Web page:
Whistler includes Internet Explorer 6.0, which features a variety of poorly implemented Explorer bars that seem to be inspired by MSN Explorer but implemented like the Explorer bars in the Macintosh version of IE 5.0. A thin strip of icons runs down the left side of the browser (Figure), and it expands when moused-over (Figure) to reveal the choices: Search, Media, Contacts, History, and Folders. The Search option displays the same Search functionality we discussed previously, though it assumes you want an Internet search of course (Figure). The Media toolbar will be familiar to anyone that's seen MSN Explorer; it provides a built-in Windows Media Player (Figure) that can be optionally configured to appear anytime you view a Web page with video or audio. Like the player in MSN Explorer, this player can be popped-out into its own window. The Contacts option can show contacts from Outlook Express and/or MSN Messenger; why my Hotmail contacts don't show up here is beyond me (Figure). The Favorites, History, and Folders options appear to be unchanged from IE 5.5. Whistler also ships with MSN Explorer, though it's not the default browser, at least not yet, even in Personal Edition (Figure).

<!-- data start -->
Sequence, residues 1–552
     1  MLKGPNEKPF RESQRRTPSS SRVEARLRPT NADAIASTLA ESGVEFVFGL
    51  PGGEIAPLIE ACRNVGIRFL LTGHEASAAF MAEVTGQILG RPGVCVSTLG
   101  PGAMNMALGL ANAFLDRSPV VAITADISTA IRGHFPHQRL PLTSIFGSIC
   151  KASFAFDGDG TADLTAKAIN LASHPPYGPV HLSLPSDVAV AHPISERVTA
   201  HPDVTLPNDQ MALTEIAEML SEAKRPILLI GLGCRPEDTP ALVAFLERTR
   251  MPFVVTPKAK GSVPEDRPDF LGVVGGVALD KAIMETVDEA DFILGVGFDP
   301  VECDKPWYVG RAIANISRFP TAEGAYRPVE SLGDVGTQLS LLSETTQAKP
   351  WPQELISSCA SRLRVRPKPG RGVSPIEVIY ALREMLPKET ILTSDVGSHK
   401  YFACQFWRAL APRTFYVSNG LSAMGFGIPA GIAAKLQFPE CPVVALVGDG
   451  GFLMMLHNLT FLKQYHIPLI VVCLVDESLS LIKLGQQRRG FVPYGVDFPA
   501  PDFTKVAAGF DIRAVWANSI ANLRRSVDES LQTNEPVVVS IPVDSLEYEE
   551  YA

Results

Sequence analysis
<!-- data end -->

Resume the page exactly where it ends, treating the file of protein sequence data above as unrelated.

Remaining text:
Outlook Express 6.0 doesn't appear to be dramatically different from its predecessors. I don't use OE all that often, however, and I could be overlooking something here. They do make it much easier to signup for a Hotmail account, however.
Whistler includes Windows Movie Maker 1.1 (Figure), which doesn't yet appear to have any improvements over the version in Windows Me. Windows Media Player 8 is also included (Figure), though it appears to be mostly broken in this build. I haven't seen any difference between WMP8 and WMP7 yet either, though I've heard that it will include a new "corporate" user interface by default in business versions. We'll see.